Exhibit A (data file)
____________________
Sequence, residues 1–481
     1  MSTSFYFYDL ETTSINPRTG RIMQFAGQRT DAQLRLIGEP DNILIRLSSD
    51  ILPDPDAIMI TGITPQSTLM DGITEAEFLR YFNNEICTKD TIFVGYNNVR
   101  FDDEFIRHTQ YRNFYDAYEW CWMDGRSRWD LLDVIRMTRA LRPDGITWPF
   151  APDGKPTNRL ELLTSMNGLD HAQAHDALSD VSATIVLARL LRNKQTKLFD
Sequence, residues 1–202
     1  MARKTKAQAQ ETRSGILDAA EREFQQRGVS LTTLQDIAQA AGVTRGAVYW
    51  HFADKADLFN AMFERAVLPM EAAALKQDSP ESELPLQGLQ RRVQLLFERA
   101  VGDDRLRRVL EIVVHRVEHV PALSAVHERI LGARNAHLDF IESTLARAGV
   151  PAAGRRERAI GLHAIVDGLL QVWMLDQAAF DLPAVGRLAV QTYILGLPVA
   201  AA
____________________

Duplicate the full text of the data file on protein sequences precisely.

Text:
Sequence, residues 1–481
     1  MSTSFYFYDL ETTSINPRTG RIMQFAGQRT DAQLRLIGEP DNILIRLSSD
    51  ILPDPDAIMI TGITPQSTLM DGITEAEFLR YFNNEICTKD TIFVGYNNVR
   101  FDDEFIRHTQ YRNFYDAYEW CWMDGRSRWD LLDVIRMTRA LRPDGITWPF
   151  APDGKPTNRL ELLTSMNGLD HAQAHDALSD VSATIVLARL LRNKQTKLFD
Sequence, residues 1–202
     1  MARKTKAQAQ ETRSGILDAA EREFQQRGVS LTTLQDIAQA AGVTRGAVYW
    51  HFADKADLFN AMFERAVLPM EAAALKQDSP ESELPLQGLQ RRVQLLFERA
   101  VGDDRLRRVL EIVVHRVEHV PALSAVHERI LGARNAHLDF IESTLARAGV
   151  PAAGRRERAI GLHAIVDGLL QVWMLDQAAF DLPAVGRLAV QTYILGLPVA
   201  AA